Originally milled in Scotland and slathered in a coat of Filson proprietary oil-finish wax, Filson’s tin cloth jackets were called that because of their capacity to protect loggers in the Pacific Northwest from sparks and saw blades. A dry finish Cover Cloth lining enhances the insulation offered by the Tin Cloth Cruiser jacket, along with the already impressive toughness. This handsome dark tan color and handsome look ensures that guys other than those shouting “timber!” in the Washington wilderness will have use for this rugged jacket.
Levi’s Vintage 1967 Type III Trucker Jacket
Here it is, the holy grail. Not the most expensive jacket on this list, the Levi’s Vintage 1967 Type III Trucker Jacket is unsurpassed in its historical heritage and classic cachet. A virtually identical replication of the vintage 1967 prototype that revolutionized denim-wear — not just in America but in Asia and eventually across the globe — the Levi’s 1967 model is as classic as a bottle of coke and as American as apple pie. You’ll see the same features — chest pockets with button flap closure, dual button waist-adjusters, trademark golden-orange vertical seaming — you can see in historical photos of the Type III worn on the sets of Paul Newman westerns.
Orvis Suede Trucker Jacket
Orvis takes the American classic and makes it their own with this beautiful, tawny trucker jacket made from suede leather. The supple and soft goatskin in which this jacket is swathed is a much softer material than the traditional denim. While this jacket isn’t built for working in harsh environments and precipitous climes like a Carhartt jacket, it’s a sweet fashion item to have in your wardrobe.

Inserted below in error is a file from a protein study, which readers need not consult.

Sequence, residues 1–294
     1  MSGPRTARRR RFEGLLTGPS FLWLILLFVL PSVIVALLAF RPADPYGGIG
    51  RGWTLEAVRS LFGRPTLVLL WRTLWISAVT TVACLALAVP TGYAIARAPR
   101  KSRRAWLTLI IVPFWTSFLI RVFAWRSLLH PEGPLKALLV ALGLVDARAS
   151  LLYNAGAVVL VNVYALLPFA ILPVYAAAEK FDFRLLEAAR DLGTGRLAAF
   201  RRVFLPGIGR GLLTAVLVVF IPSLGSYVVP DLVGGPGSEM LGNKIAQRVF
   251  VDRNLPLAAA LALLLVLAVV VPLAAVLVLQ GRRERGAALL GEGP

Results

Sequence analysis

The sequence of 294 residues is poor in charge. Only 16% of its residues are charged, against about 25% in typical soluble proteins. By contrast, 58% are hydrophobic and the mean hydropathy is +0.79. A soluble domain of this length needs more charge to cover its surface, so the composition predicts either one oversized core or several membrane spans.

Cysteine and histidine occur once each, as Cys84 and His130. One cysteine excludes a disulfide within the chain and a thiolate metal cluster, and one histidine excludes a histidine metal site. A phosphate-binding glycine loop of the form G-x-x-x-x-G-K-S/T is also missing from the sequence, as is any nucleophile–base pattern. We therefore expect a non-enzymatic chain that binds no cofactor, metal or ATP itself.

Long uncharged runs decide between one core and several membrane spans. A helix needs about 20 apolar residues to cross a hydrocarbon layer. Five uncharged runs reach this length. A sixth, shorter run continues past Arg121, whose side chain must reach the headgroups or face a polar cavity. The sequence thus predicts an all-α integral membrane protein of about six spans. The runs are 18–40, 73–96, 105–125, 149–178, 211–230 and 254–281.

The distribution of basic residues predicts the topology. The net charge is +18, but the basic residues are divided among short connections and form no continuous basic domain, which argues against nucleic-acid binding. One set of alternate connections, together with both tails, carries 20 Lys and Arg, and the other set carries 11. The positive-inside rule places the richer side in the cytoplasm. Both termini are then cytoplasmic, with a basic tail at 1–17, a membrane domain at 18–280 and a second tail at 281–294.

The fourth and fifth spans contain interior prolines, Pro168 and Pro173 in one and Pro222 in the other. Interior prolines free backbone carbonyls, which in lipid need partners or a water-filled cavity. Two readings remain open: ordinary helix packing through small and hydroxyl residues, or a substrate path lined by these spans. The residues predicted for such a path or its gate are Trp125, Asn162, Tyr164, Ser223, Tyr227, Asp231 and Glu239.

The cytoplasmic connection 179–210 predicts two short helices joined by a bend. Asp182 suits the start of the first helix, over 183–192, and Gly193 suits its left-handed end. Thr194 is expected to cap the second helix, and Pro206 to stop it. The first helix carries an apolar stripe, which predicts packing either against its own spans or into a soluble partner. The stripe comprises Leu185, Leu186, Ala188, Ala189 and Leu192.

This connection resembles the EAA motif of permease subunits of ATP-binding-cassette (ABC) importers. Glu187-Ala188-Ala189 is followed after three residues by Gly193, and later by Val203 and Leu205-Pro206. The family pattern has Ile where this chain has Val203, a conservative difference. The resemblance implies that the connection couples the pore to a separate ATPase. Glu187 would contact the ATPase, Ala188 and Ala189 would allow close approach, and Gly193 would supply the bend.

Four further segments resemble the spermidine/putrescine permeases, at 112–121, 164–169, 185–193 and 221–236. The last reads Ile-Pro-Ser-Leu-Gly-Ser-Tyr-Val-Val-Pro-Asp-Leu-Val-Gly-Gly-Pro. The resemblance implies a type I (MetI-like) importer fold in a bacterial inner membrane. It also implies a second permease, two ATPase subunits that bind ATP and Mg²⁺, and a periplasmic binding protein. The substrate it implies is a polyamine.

Best Made Rough-Out Jacket
Roughnecks rejoice. The Rough-out trucker jacket from Best Made is true to its name, and Best Made based its construction on the trucker jackets worn by authentic American cowboys in the 1970s. Cowboys and Levi’s have always been an iconic duo, and Best Made does no injustice to that heritage with their addition to the collection. By using “roughout” leather — made by using the rougher part of the animal’s hide for the exterior of the jacket and the softer part for the interior — Best Made produces a jacket that’s rugged and comfy, the perfect combo for any wrangler.
Golden Bear The Holden Jacket
Based in construction on the classic Type III denim jacket, The Holden trucker jacket made by Golden bear takes a different approach in its fabric. It’s crafted from a tan calf suede on the body of the jacket and features a beautifully contrasting brown leather collar. Golden Bear has a rich history of creating highly sought after jackets, many of which were worn by the members of legendary bands like Jefferson Airplane, The Grateful Dead, and The Doobie Bros. This classic jacket offers a rocking retro vibe and a classic vintage appeal.
Visvim Denim Jacket
Headquartered in Tokyo, Japan, Visvim is at the tippy top of the Japanese hierarchy of denim brands. The Visvim Denim jacket is not one you’ll want to hit a skid on your bike wearing. At $1,200, the trucker jacket is meant for the elite 18-wheeler drivers. The quality invested in its production lives up to its price point; it’s crafted from a rare, 12oz. indigo selvedge denim hand-spun in Japan and features chain stitching along with original buttons and rivets. Wide side pockets with zippers ensure that your items remain secure.
Author: John Mannheimer